The Victorian Government made a commitment to work with relevant stakeholders on the introduction of a mandatory, statutory registration scheme, and work with other jurisdictions to develop a nationally consistent registration scheme of engineers.
The importance of the engineering profession is one step closer to being recognised in Victorian legislation, with the introduction of a bill to highlight the critical nature of engineering skills and increase public confidence.
Engineers Australia has been working closely with the Victorian Government to ensure the legislative framework provides assurance to the public, government and industry that engineers working in Victoria meet the professional standards and have the qualifications expected of the profession.
The Engineers Registration Bill 2017 will require engineers who are providing professional services, or who are exporting professional engineering services from Victoria, to be registered.
Engineers Australia CEO Peter McIntyre said the legislation is one step closer to bringing Australia into line with global efforts to establish the reputation of engineering as a critical profession.
"Many countries see engineering as a critical profession, whose practitioners are recognised and registered by government.”
Key discussion topic around the Bill has included protecting the term engineer by highlighting the importance of professional practice.
It is expected that registration on Engineers Australia’s National Engineering Register (NER) will be a pathway to registration in Victoria (as it is currently in Queensland) and also to other States/Territories as mandatory registration is progressively enacted across Australia.
Engineers Australia has made it clear to the Victorian Government that protecting professional standards is critical to the success of registration.
Many countries see engineering as a critical profession, whose practitioners are recognised and registered by government. Unlike many Asian and European countries and parts of the United States, the term ‘engineer ’is not protected by statute in Australia.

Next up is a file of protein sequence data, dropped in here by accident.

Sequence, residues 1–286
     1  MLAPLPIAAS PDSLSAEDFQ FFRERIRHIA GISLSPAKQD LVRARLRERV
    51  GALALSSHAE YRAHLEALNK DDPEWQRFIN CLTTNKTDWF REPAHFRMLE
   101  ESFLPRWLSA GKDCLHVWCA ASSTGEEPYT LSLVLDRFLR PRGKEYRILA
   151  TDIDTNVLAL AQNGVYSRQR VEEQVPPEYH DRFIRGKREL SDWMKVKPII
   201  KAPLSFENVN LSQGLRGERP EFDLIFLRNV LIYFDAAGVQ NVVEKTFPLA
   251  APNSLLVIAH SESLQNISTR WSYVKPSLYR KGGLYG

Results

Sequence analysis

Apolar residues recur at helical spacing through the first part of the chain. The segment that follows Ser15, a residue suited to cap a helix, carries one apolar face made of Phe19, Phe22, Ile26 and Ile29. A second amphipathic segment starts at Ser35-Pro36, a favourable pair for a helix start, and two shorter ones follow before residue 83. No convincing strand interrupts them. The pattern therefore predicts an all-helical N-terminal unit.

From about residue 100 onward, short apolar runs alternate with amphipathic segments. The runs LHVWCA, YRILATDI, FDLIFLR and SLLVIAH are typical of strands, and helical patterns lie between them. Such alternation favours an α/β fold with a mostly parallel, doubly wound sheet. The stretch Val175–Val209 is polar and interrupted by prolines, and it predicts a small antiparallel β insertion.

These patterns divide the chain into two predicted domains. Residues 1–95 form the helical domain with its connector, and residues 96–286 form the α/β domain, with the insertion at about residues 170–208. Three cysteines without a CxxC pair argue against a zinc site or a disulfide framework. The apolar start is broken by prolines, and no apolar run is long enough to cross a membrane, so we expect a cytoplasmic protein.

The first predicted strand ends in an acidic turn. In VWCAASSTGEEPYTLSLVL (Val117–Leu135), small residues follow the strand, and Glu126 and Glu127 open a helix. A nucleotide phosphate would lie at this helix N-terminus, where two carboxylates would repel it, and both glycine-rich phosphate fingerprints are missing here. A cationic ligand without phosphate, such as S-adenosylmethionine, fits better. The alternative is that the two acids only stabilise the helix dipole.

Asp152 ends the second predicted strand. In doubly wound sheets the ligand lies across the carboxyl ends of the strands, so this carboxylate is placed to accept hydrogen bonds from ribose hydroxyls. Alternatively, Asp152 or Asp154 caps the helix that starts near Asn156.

The proposed legislation being introduced provides the necessary framework to regulate the profession in Victoria. Further, the Victoria Government has been in dialogue with the Queensland Government, where registration is mandatory, to ensure mutual recognition between the registration schemes in those two States.
Engineers Australia has discussed the risks involved in professionals attempting to undertake engineering work without adequate skills or competencies.
Risks may include increased construction and rectification costs, litigation expenses, lost production and injury or death. Governments and companies cannot afford the associated loss of reputation.
Engineers Australia’s NER will provide information about expected professional standards and whether engineers have the requisite professional practices that support the services they offer.
Both users of engineering services and those who provide those services will have access to a complaints handling process. More information to come.
Registration of engineers assists in raising standards across the profession and reduces the risk of loss and harm to the public.
The NER not only fulfils engineers’ professional practice obligations but showcases their capabilities to prospective employers and consumers of engineering services.
Other benefits of the NER include:
- Reduced risks to public health, safety and welfare
- Legislative efficiency by reducing duplication
- Industry and consumer protection
- Professional recognition
- International mobility and trade in engineering services
Now is the opportunity to become registered on the NER before the Victorian legislation comes into effect.
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Note: All Chartered members of Engineers Australia are automatically eligible to apply to be on the NER.